Jun 15, 2010

3 Women


Probably Robert Altman’s greatest strength as a director was his intimate interaction with his actors. Altman was a man that certainly expected his actors to give it their all whether it be in the form of a long exaggerated/improvised acting scenes or displays of unflattering and unconventional nudity, the MASH man drained all the talent he could from the actors he directed. If Alfred Hitchcock felt that "Actors are cattle", Robert Altman must have felt his actors were prime cut angus beef meant for the consumption of the most discriminating of cinematic patrons. With the film 3 Women, Mr. Altman wanted to disgust his audience with a couple slabs of rotting and disgusting meat via the repellent homely actresses Shelley Duvall and Sissy Spacek. To their credit, Brian De Palma knew what he was doing when he had Sickly Spacek play the languid lead of Carrie and Stanley Kubrick certainly knew what he was doing when he had Shelley Duvall play the horrendously hysterical wife of a deranged man in The Shining. Robert Altman brought both of those naturally scary women together in 3 Women in a way I have yet to be seen done before.


Pretty much everyone has seen the weird girl at school growing up, the kind of loner girl that you catch a sight of trying to indiscreetly (or not so indiscreetly) take sniffs of her underarm or nervously laughing at the boisterous behavior of a group of wild buck Negroes. These peculiar women are usually on an even lower social status level than that of the nerdy guy because at least people try to fuck with geeks guys for the hell of it. Maybe if the ugly girl is lucky, she might catch the fancy of an absurdly ugly sexual deviant who has an interest in defiling her because at least with her, he might be able to get away with whatever he wants. In Robert Altman’s 3 Women one loser girl finds her love while starting a job at a depressing old folks home in the form of another loser girl who is a little more socially ambitious. Sissy Spacek plays Pinky Rose, a nice woman-girl who seems very excited about the thought of actually having a female friend. Shelley Duvall plays Millie, the object of Pinky Rose’s social desire. Throughout the film, Pinky Rose starts turning into Millie (in character), making for one creature-like union.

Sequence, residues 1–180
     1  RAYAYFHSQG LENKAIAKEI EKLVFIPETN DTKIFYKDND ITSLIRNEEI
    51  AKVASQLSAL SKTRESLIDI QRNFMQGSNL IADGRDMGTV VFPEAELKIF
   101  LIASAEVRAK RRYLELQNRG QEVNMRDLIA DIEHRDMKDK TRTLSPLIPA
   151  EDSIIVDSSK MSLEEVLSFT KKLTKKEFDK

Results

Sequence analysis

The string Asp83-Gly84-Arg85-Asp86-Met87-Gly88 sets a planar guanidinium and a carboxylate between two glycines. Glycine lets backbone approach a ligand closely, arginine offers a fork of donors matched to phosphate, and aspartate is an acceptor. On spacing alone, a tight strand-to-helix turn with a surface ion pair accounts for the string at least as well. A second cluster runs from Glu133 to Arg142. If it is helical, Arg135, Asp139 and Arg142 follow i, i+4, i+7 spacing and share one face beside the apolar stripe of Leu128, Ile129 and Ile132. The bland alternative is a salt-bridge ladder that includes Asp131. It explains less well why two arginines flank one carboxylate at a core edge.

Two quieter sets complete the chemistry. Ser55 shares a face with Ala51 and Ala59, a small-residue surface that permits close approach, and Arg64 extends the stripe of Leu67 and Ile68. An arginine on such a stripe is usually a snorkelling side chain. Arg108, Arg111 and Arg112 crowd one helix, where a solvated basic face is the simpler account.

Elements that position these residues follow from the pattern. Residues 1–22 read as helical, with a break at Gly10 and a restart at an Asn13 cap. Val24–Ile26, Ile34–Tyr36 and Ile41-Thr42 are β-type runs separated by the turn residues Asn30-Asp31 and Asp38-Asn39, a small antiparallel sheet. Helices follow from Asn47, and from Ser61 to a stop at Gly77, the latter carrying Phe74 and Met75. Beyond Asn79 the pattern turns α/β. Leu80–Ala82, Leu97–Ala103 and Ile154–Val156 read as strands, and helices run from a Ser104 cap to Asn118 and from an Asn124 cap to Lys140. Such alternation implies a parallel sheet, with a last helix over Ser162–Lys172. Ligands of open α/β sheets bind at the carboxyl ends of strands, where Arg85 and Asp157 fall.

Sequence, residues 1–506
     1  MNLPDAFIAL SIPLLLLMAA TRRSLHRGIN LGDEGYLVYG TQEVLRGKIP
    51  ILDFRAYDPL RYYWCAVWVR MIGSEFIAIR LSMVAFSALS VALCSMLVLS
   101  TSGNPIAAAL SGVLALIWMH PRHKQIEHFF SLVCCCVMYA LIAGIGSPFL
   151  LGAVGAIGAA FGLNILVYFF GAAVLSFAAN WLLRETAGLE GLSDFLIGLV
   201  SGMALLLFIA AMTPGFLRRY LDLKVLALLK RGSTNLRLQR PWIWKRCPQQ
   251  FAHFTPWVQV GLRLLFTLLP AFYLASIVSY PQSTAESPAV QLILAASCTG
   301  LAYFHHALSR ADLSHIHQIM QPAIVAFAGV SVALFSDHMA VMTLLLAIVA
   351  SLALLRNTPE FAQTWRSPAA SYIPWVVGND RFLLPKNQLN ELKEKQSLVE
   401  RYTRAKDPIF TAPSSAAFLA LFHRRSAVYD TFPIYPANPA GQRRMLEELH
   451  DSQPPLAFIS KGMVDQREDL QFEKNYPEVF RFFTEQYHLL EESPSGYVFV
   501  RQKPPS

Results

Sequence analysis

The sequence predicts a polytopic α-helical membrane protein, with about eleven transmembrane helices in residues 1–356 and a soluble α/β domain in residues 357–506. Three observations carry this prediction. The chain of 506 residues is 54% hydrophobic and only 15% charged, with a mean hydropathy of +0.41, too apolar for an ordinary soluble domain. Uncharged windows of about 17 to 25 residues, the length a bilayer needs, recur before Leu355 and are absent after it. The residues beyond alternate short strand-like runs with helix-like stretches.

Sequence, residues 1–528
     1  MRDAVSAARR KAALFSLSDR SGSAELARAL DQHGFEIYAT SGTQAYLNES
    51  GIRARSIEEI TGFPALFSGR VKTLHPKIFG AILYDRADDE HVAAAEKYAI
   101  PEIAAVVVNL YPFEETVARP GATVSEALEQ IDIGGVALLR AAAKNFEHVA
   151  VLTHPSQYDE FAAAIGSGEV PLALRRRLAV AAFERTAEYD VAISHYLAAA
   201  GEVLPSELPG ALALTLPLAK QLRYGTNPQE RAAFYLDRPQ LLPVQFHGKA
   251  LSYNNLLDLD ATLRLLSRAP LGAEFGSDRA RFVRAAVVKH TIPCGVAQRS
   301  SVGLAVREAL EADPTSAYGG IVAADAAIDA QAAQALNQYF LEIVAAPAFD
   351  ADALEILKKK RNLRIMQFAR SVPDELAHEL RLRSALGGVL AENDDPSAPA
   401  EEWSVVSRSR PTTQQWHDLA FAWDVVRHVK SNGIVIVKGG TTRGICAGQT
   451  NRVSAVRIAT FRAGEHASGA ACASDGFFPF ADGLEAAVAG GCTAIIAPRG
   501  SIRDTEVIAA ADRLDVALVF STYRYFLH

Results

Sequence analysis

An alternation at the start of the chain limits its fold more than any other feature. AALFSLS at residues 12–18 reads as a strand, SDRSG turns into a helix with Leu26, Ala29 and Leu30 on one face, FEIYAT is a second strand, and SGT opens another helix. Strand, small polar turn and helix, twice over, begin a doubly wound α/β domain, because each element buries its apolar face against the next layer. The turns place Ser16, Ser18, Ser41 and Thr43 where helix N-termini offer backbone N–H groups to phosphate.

The third woman in 3 Women is a bizarre freak of a woman who paints fantastic murals in a small abandoned desert community. Despite her lack of character and speech in the film, her sometimes monstrous and grotesque paintings radiate a certain atmosphere that emotionally drives the film. Millie instantly takes a liking to the third woman after seeing her artwork which angers the pseudo-pretentious Pinky Rose. By the end of 3 Women all 3 women become one. Unsurprisingly, the often ambiguous Robert Altman has no concrete meaning for the end of the film. 3 Women has been compared to Ingmar Bergman’s Persona for good reason, for both films express a sort of naturalistic horror in the form of females interacting emotionally and unconsciously becoming one in a way. With 3 Women, no one can argue that Robert Altman never made a great horror flick.


Robert Altman made a lot of great films with a lot great acting performances which makes it unfortunate that he is best known for MASH. A film like 3 Women makes MASH look glaringly like the laughably overrated cynical anti-war romp that it is. 3 Women will mostly leave (for better or for worse) a feeling of disgust on the viewer when the film is over, but that sort of disgust is what makes one remember the emotional power of cinema. Even after having nightmares featuring Shelley Duvall in the nude not long after seeing 3 Women, I still feel that I invested my time wisely in viewing the film.



-Ty E

1 comment:

jervaise brooke hamster said...

I want to bugger Shelley Duvall and Sissy Spacek (as they were in 1967 when they were both 18, not as they are now obviously). By the way, i also want to bugger Janice Rule (as she was when she was 18 in 1949 {the year Shelly and Sissy were born}, not as she is now obviously, which is dead).